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The ins and outs of caveat emptor

At least once a week, I get a call from someone who has purchased ahome and has discovered a problem that was not known on closing.

At least once a week, I get a call from someone who has purchased a home and has discovered a problem that was not known on closing.

It would be extremely frustrating to discover a major defect in a house soon after purchasing it. Most of the callers will ask about suing the previous owner, sighting the fact the problem was never disclosed.

However, we rarely pursue claims against previous owners as it is the purchaser’s responsibility to inspect the property and evaluate its condition.

A claim cannot be made in relation to a defect that should have been discovered during an inspection. This flows from the basic legal doctrine of “Caveat Emptor” or “Let the Buyer Beware.”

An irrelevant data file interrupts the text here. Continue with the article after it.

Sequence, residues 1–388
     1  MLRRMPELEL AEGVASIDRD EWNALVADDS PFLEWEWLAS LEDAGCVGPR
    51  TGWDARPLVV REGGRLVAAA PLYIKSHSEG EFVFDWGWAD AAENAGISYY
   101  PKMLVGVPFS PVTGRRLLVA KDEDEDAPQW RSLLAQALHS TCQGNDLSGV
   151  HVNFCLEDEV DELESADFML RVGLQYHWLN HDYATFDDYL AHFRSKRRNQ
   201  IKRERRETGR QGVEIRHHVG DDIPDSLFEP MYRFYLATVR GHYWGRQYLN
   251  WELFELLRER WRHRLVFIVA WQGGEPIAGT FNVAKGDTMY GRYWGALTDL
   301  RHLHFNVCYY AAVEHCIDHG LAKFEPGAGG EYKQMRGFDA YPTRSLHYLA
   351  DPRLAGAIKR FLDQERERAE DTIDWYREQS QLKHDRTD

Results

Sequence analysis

The law distinguishes between Patent Defects and Latent Defects. Defects that would be identified during a basic inspection, such as a broken window, are considered to be Patent Defects. Sellers are not obliged to advise buyers of these defects and buyers can’t complain about them if they were not discovered during an inspection.

Latent Defects are defects that are not easily identified during a basic inspection of a property, such a rotting wood under roof shingles. It is often the case that neither the seller nor the buyer will know of a problem on the closing date. In this scenario, the buyer would not be entitled to compensation and would, unfortunately, have to accept the property as it is.

However, if the seller deliberately conceals a defect — say if the seller covered a crack in a basement wall — caveat emptor does not apply.

– Elias Metlej is a real estate lawyer with the Halifax firm Blois Nickerson & Bryson. You can write to Elias at askelias@yahoo.com

 
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